Two University of Toronto alumni have created a web portal to connect COVID-19 researchers with potential research study participants.
Since launching in March, there have been more than 770 COVID-19 studies posted on the portal from around the world.
Catherine Chan, co-founder and CEO of Honeybee Hub, the U of T startup behind the portal, says COVID-19 researchers are looking for a range of study participants, including healthy individuals.
“We’re in the recruitment space for research studies and there’s so many research studies that are emerging,” says Chan, who graduated in 2018 with a master's degree from the department of nutritional sciences in the Faculty of Medicine.
“We saw this huge gap where researchers are struggling to find participants and we wanted to make a publicly accessible portal with consolidated information on COVID-19 studies.”
Chan and Weiwei Li, the company’s co-founder and chief technology officer, launched Honeybee Hub two years ago and are working with U of T’s Health Innovation Hub (H2i), one of several entrepreneurship hubs on campus.
Li, who did an undergraduate and master’s degree at U of T’s Faculty of Applied Science & Engineering, says the web portal is designed so potential participants can research which studies are located near them and which ones can be done remotely.
“That’s a huge problem that exists right now – not just for COVID-19 trials, but all kinds of trials,” says Li. “A large number of trials get delayed because of recruitment challenges.”
People who have no symptoms of COVID-19, and believe themselves to be healthy, can also search for those opportunities.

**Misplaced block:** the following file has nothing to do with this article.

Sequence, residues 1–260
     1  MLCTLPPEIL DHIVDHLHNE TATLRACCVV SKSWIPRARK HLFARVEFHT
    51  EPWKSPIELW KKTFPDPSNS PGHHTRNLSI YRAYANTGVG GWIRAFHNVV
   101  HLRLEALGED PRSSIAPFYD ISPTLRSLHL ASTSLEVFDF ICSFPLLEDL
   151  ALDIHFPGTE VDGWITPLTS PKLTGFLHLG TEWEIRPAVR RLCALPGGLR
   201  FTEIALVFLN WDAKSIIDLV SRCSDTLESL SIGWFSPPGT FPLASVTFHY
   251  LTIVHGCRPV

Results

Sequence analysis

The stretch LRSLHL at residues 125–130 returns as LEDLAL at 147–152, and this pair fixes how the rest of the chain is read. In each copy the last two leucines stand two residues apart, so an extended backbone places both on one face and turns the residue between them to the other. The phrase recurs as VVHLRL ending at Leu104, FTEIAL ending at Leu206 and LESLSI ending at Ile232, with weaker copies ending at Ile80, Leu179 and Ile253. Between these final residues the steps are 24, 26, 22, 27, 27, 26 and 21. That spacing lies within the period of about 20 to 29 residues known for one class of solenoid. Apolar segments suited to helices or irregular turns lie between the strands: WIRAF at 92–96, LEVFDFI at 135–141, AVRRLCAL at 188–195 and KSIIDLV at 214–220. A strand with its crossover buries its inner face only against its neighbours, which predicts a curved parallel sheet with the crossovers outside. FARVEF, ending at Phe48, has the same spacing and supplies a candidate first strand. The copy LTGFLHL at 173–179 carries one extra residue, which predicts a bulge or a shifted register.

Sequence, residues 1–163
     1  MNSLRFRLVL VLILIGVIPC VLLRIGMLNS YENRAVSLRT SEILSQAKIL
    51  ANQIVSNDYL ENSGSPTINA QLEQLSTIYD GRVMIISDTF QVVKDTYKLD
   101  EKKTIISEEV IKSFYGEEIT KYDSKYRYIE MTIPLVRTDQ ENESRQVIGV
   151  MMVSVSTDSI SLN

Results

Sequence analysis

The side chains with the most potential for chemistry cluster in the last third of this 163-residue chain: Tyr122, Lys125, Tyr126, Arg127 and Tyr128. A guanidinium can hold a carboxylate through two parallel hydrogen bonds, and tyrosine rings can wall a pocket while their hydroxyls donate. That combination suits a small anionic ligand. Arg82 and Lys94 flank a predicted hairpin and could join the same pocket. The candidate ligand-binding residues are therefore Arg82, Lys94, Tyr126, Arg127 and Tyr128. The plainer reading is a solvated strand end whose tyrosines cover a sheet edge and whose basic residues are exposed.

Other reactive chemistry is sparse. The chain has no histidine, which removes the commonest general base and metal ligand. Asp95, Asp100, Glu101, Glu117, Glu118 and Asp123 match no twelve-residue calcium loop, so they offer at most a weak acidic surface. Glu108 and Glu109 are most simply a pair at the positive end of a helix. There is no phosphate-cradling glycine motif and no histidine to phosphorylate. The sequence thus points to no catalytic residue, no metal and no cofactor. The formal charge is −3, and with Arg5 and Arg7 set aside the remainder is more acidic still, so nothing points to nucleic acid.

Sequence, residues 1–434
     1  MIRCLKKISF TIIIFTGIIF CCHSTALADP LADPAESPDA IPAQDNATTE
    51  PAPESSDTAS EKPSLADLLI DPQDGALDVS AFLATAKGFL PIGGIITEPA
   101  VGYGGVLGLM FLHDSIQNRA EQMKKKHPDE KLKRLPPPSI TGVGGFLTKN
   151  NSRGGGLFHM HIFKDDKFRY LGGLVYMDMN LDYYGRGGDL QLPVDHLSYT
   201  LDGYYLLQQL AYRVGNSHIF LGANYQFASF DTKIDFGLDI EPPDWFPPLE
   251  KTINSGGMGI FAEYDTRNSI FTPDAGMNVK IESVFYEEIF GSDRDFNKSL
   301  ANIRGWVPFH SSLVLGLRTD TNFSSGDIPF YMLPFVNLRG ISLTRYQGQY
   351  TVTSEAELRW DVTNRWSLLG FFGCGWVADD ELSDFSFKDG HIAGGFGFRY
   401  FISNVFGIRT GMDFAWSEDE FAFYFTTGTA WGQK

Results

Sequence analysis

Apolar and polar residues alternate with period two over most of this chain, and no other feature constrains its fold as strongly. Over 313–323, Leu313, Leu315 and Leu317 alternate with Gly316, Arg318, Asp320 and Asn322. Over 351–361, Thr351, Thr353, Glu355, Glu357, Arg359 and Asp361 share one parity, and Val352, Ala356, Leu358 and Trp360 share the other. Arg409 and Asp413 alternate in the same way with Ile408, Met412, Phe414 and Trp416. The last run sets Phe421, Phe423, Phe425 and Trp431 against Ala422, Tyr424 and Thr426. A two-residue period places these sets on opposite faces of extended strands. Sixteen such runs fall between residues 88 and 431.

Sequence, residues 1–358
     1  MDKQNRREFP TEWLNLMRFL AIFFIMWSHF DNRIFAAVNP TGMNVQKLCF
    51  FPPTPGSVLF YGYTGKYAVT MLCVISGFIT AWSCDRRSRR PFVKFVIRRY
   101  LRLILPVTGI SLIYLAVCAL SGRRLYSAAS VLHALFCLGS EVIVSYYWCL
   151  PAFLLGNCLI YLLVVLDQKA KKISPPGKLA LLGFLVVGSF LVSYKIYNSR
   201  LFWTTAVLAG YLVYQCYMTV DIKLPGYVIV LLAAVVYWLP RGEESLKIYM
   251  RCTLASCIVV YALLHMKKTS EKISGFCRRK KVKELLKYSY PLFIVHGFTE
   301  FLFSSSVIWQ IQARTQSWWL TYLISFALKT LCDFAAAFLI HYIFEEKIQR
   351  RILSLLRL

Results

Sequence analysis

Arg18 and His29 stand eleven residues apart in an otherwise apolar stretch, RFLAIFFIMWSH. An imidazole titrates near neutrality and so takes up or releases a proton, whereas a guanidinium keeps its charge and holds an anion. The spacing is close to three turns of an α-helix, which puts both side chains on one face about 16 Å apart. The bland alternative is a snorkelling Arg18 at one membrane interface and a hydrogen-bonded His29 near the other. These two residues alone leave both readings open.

“Healthy people don’t really think they can participate in trials,” says Li. "But many trials require healthy participants, including the COVID-19 vaccine trials that have just begun testing.”
Part of what drove the development of the web portal was Chan’s goal to de-stigmatize participating in clinical trials and research studies in general.
“Generally, I see stigma to participating in research,” she says. “Clinical trials can be associated by some people with needles or blood draws, or being sick or in the hospital. That’s a legitimate fear a lot of people have, and so they may have reservations about participating in research.
“But participating may [also] have positive outcomes, like getting access to alternative treatments earlier.”
Another factor is the cost to recruit participants for a study, which Chan knows first-hand after her experiences trying to recruit study participants while she was a graduate student.
“We want to use this as an example to build a case and show people that research participation can achieve a greater good,” she says. “It can be a huge contribution to helping solve the massive problems posed by this global pandemic.”